When I look at Anne’s life as a whole, at first glance it appears to be a quiet life. A small life full of service to others. But when I break it up into this timeline I realize what strength Anne had. She overcame a lot of obstacles in order to be devoted to Helen. This was not a small life; this was a life filled with quiet strength and loud devotion.


1866: Anne Sullivan is born in April to Thomas and Alice Sullivan in Feeding Hills, Massachusetts.


1871: Anne contracts trachoma, an eye disease caused by bacteria.


1874: Anne’s mother passes away and her father feels it is too difficult to raise a family so he sends Anne and her brother, Jimmy, to a “poorhouse” call Tewksbury. It is here that Anne’s brother passes away.


1880: Anne learns that a committee is coming to examine the poor conditions of Tewksbury and follows them around as they investigate. She finally gets the courage to speak up and tell the committee she wants to go to Perkins School for the Blind. In October of the same year, 14-year-old Anne is allowed to attend Perkins. This is the first time Anne has ever attended school.


1881-1882: Within this two-year span, Anne has two eye surgeries that dramatically improve her vision and she can see well enough to learn how to read and write.


1886: Anne graduates from Perkins, as valedictorian. In her speech she encourages her classmates to “...go forth into active life. Let us go cheerfully, hopefully, and earnestly, and set ourselves to find our especial part. When we have found it, willingly and faithfully perform it …”


1887: Anne leaves for Tuscumbia, Alabama, to work with a young girl who lost her vision and her hearing at the age of 19 months following a severe illness. This young girl is named Helen Keller. Over the next 49 years, Anne devotes herself to the education of Helen Keller: teaching her to communicate, read Braille and talk. Together they advocate for the blind, travel, give speeches and continue their educational careers.


1905: Anne marries John Macy. Although the marriage ends in separation, John is instrumental in helping Anne’s student, Helen, in her various publications.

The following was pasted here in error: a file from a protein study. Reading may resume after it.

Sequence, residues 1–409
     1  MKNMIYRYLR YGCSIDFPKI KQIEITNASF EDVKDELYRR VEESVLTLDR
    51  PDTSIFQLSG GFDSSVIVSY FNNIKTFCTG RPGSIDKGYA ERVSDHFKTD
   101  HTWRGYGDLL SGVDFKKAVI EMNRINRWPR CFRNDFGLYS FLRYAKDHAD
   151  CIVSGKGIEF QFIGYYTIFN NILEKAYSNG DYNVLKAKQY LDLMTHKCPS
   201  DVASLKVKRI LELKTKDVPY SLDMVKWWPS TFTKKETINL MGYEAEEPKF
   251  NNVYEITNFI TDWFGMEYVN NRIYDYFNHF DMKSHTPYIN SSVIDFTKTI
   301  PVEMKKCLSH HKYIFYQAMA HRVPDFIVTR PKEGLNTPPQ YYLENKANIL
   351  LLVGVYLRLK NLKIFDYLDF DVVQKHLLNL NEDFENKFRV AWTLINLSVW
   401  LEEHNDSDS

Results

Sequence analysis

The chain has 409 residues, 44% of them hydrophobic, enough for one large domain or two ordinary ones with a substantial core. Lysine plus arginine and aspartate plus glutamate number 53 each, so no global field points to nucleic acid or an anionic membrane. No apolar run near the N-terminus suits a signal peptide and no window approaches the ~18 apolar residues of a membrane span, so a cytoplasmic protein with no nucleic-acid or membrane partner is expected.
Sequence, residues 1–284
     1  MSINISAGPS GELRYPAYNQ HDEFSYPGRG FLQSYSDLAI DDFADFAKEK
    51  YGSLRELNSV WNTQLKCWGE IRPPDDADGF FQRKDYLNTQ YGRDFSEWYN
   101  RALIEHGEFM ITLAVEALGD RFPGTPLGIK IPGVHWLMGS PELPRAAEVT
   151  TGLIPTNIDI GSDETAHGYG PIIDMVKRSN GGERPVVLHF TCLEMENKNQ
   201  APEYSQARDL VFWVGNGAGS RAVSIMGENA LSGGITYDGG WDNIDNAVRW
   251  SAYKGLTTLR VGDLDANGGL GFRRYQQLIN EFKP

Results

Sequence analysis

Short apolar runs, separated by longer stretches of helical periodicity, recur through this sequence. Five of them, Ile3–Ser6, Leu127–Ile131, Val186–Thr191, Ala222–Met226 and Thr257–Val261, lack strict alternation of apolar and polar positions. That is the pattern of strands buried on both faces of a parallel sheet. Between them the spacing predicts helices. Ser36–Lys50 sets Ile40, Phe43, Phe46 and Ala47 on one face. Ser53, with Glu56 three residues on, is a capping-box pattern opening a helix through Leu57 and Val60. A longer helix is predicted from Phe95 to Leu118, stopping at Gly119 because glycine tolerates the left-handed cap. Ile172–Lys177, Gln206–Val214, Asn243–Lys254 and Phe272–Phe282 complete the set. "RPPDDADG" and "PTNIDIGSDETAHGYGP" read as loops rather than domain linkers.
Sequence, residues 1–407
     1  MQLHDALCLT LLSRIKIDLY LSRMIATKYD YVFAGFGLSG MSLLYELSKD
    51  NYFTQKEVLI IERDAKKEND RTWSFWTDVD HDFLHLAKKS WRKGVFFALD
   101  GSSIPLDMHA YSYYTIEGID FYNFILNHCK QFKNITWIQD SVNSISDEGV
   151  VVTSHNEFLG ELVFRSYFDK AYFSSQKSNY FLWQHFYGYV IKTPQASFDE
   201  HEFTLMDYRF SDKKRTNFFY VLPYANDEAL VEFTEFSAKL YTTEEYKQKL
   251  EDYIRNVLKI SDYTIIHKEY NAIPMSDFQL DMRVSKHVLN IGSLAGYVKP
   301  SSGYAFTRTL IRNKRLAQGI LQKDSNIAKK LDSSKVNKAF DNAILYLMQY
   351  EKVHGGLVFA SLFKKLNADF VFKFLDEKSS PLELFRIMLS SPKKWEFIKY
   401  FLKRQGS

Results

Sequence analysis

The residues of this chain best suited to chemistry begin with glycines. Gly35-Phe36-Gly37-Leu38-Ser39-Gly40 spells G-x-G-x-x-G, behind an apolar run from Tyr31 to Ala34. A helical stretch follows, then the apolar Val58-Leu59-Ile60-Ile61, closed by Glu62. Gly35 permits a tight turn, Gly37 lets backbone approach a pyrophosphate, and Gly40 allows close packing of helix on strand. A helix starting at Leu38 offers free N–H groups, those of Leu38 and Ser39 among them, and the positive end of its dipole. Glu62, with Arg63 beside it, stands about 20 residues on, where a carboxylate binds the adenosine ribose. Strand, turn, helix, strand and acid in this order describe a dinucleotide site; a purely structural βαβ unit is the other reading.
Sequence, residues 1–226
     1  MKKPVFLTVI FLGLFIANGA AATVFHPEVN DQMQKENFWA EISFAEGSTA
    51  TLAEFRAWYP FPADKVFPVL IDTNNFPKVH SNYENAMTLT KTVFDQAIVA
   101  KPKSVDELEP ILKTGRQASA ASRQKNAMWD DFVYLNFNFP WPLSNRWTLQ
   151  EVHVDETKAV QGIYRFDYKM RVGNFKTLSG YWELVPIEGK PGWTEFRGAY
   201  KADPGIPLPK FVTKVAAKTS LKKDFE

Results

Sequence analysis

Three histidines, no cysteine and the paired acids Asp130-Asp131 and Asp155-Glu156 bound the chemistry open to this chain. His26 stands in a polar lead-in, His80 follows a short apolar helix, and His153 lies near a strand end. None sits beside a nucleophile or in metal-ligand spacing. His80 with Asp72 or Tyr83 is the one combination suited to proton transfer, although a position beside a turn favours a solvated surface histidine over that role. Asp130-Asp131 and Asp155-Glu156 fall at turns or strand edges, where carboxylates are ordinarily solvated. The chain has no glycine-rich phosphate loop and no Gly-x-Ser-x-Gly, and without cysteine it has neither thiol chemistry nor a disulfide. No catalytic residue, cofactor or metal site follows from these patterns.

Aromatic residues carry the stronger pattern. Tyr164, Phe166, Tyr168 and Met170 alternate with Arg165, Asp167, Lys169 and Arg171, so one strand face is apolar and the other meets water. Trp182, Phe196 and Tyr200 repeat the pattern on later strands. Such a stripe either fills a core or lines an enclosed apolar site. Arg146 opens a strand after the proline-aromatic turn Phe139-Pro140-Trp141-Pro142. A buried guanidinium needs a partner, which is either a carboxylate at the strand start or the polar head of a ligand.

1920: Anne’s right eye is removed due to chronic pain.


1932: Anne and Helen are awarded honorary fellowships by the Educational Institute of Scotland.


1935: Anne loses all sight in her remaining eye.


1936: Anne dies following a coronary thrombosis (a blood clot in a coronary artery that inhibits blood flow to the heart).

Anne was cremated and entombed at the National Cathedral in Washington, D.C. When Helen passed away in 1968, she was also cremated and her ashes were entombed beside Anne’s.


When you connect the dots of Anne’s life you realize that even though she had to endure some very harsh circumstances, these circumstances led her to changing the life of her student and thus changing the lives of all visually impaired individuals. Think about it: she was born into a struggling family, abandoned by her father, spent her childhood in a poorhouse, begged for an education at Perkins School for the Blind and it was there, at Perkins, that she started on the path to change her and Helen’s worlds.  Anne’s burial at the National Cathedral is very fitting. It was a symbolic move that shows our nation’s indebtedness to Anne and how her devotion bettered the lives of so many others.